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In the Texas Panhandle, a wildfire named the Smokehouse Creek Fire has burned over some 1.1 million acres. Today, it’s estimated to be only 3% contained. First responders remain close to the active flames. A handheld video is circulating and shows a fire truck driving straight into the plumes.

On Monday, February 26th, fire broke out in Hutchinson County and is now labeled the largest wildfire in Texas state history. In 2006, the East Amarillo Complex Fire ran through about 900,000 acres. The Smokehouse Creek Fire is the second-largest recorded wildfire in U.S. history.

The video [embedded below] appears to be taken from the fire engine’s front passenger seat. It lends viewers a Player One apocalyptic scene.

A fire truck parked in right front angle view during Texas Smokehouse Creek Fire smoggy background
Fire truck parked at the Smokehouse Creek wildfire in the Texas panhandle | Photo by Greenville Firefighter Association/ Handout /Anadolu via Getty Images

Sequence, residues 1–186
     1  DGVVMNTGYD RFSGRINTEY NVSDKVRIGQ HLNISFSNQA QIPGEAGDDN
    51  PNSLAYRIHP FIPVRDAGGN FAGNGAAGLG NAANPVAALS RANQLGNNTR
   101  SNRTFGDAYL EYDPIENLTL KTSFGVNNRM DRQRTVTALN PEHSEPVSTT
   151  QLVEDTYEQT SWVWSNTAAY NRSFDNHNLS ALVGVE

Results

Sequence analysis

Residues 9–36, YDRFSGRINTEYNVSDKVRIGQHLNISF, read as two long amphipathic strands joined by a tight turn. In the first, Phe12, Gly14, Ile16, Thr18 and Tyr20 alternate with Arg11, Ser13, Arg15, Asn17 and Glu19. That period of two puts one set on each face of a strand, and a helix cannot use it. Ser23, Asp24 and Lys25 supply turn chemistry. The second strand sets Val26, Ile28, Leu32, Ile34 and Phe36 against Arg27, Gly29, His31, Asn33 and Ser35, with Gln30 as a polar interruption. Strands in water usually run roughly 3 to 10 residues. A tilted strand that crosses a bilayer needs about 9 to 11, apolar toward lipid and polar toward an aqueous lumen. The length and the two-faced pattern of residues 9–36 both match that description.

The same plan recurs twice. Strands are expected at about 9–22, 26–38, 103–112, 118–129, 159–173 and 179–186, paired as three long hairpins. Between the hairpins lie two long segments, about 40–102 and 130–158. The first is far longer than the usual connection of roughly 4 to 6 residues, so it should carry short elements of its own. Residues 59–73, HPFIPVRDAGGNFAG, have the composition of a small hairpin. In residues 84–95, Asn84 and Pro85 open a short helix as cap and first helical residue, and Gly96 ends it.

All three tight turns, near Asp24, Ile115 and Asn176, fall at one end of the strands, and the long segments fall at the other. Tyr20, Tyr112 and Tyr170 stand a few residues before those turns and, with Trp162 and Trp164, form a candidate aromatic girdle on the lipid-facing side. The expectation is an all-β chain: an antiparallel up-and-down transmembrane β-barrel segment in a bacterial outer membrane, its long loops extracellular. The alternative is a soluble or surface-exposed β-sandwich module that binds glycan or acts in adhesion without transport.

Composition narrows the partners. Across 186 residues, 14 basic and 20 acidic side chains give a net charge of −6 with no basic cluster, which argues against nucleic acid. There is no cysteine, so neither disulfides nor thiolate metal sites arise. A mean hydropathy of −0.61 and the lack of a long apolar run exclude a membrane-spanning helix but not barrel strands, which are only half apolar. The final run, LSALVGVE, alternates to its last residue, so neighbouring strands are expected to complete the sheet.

Huge columns of flames burst up and lick the road as the first responders cruise across the wildfire’s heavy line. It’s a hellish scene.

The view becomes hazy with orange smog, the dimmed flames shrouded by the dense smoke. The video has no sound, making it quite an eerie experience.

The fire has taken at least one life. A nuclear weapons manufacturing plant in Amarillo was forced to shut down but has reopened.

The Texas Panhandle is the northernmost region of the state. It’s bordered by Oklahoma to the north and east and by New Mexico to the west. The wildfire has crept into western Oklahoma. In just two days, the fire had engulfed 850,000 acres.

Sources: BBC, Vox, The Independent